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### Regression Evaluation Metrics

Here are three common evaluation metrics for any regression problem including our diamond price prediction using machine learning problem:

The code to call functions related to all 3 evaluation metrics is mentioned below.

```
from sklearn import metricsprint(‘MAE:’, metrics.mean_absolute_error(y_test, y_pred))
print(‘MSE:’, metrics.mean_squared_error(y_test, y_pred))
print(‘RMSE:’, np.sqrt(metrics.mean_squared_error(y_test, y_pred)))
# Output for SVM is :
MAE: 0.08815796872409032
MSE: 0.012811091991743056
RMSE: 0.11318609451581522
```

### Random Forest

Random forest is one of the most popular algorithms in most use cases / projects across industries. Its fast, easier to implement, needs lesser data, doesnt require extensive training and produces almost equally good results.

We will now use the sklearn code and kaggle dataset for Diamond price prediction using python with Random Forest machine learning algorithm.

```
from sklearn.ensemble import RandomForestRegressor
rf = RandomForestRegressor(n_estimators = 10)
rf.fit(X_train,y_train)
y_pred = rf.predict(X_test)
```

Now the metrics and their outputs

```
MAE: 0.08413000449351056
MSE: 0.012880789432555585
RMSE: 0.1134935655997977
```

It turns out that Random Forest is similar to the far slower SVM for diamond price prediction.

## Diamond price prediction using neural networks

Generally, neural networks or ANNs are more suited for classification problems requiring lots of complex logic / decision making and huge computations. They require larger datasets for their optimization to get the benefit of generalization and nonlinear mapping. But, if there’s not enough data, a plain regression model may be better suited despite a few nonlinearities.

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However, just for sake of completeness, I will show you the steps needed for diamond price prediction using Neural networks.

And for ANN, the best, fastest and easiest to use and code library is Keras. Read more about Keras at their official website:

### How to create an Artificial neural network in python, Keras & *kerasregressor*

The step-wise process to create a neural network to predict diamond prices is:

- Construct a baseline neural network in keras
- Compile and return a Keras model using
*KerasRegressor*, - Use the K-fold function to get perfect results
- Fit the estimator to diamond price prediction dataset (training data)
- Finally, predict the output (the diamond price predicted using neural networks)
- Evaluate the model using metrics between y-predicted vs. y-test

Now we go through each step in detail to create a neural network in keras.

Firstly import the libraries for our project:

```
from keras.models import Sequential
from keras.layers import Dense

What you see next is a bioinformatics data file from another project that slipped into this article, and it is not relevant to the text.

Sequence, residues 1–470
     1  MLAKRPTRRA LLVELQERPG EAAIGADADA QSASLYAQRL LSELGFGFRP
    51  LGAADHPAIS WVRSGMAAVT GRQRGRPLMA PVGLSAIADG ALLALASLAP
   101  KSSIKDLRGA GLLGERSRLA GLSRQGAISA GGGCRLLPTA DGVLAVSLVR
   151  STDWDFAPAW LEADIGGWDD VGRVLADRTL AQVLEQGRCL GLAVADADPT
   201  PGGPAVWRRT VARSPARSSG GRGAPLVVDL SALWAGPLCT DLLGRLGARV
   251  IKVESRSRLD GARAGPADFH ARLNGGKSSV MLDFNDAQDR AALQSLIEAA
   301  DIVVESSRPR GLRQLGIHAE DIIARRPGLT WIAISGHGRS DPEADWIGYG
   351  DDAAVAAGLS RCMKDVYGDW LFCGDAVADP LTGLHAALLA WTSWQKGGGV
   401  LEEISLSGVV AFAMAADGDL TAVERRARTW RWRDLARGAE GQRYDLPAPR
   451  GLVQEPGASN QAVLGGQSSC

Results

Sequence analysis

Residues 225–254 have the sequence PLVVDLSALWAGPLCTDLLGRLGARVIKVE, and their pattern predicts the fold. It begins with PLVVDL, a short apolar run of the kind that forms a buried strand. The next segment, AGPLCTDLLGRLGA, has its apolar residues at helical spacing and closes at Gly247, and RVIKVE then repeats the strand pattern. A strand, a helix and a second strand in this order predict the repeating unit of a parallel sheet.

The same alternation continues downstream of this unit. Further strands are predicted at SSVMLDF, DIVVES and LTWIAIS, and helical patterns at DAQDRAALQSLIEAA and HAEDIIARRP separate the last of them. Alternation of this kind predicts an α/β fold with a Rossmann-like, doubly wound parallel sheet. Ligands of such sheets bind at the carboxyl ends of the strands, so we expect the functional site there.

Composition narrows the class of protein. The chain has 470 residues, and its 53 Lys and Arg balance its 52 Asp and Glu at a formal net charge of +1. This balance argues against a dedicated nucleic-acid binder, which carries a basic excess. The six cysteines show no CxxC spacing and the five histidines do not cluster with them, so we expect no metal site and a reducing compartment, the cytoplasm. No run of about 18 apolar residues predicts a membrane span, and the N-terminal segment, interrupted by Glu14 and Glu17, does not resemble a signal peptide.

from keras.optimizers import RMSprop
from keras.wrappers.scikit_learn import KerasRegressor
from sklearn.model_selection import cross_val_score
from sklearn.model_selection import KFold
```

Next, we construct a `baseline_model()`

function to create and return a Keras model

```
# define base model
def baseline_model():
# create model
model = Sequential()
# add 1st layer
model.add(Dense(output_dim=18, input_dim=11, activation='relu')) # kernel_initializer='normal',
# add hidden layer
model.add(Dense(output_dim=12, kernel_initializer='normal', activation='relu'))
# add output layer
model.add(Dense(1, kernel_initializer='normal'))
# Compile model
model.compile(loss='mean_squared_error', optimizer='adam')
return model
```

After designing the baseline neural network in keras, we run the `KerasRegressor()`

function.

- It returns the baseline Artificial neural network model built in Keras. It takes as input the model, epochs and batch-size.
- An
**epoch**defines the number of times the learning algorithm will work through the entire training dataset to update the weights for a neural network. An epoch that has one batch is called the batch gradient descent learning algorithm. For batch training, all the training samples pass through the learning algorithm simultaneously in one epoch before weights are updated. - The
**batch size**is a number of samples processed before the model is updated.

More information on `KerasRegressor `

can be found at Tensorflow website:

```
estimator = KerasRegressor(build_fn=baseline_model, epochs=10, batch_size=5)
kf = KFold(n_splits=5)
results = cross_val_score(estimator, X_train, y_train, cv=kf)
print(“Results: %.2f (%.2f) MSE” % (results.mean(), results.std()))
```

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Using the neural network built in keras, we run the `KFold()`

function.

K-Fold Cross Validation uses a given data set, splits it into a K number of folds where each fold is used as a testing set while other K-1 are used as training set.

- For example, for 10-Fold cross validation (K=10), the dataset is split into 10 folds.
- In the first iteration, the first fold is used for validation while the 9 remaining folds form the training set.
- In the second iteration, 2nd fold is used as the testing set while the rest serve as the training set.
- This process is repeated until each fold of the 10 folds have been used as testing sets.

Subsequently, the cross_val_score function takes the model, X and y, and kfold’s result as inputs and outputs multiple results — a list of regression model metrics scores. The `cross_val_score`

function splits the data, using `KFold`

as described above, into K pieces, trains on each combination of K-1 folds and gives back the metrics of the model.

Brief information and steps on

`KFold`

and`cross_val_score`

can be found in my other post; link below.

Finally, we fit the estimator to our training data to get predictions from our mini-project on diamond price prediction using neural networks.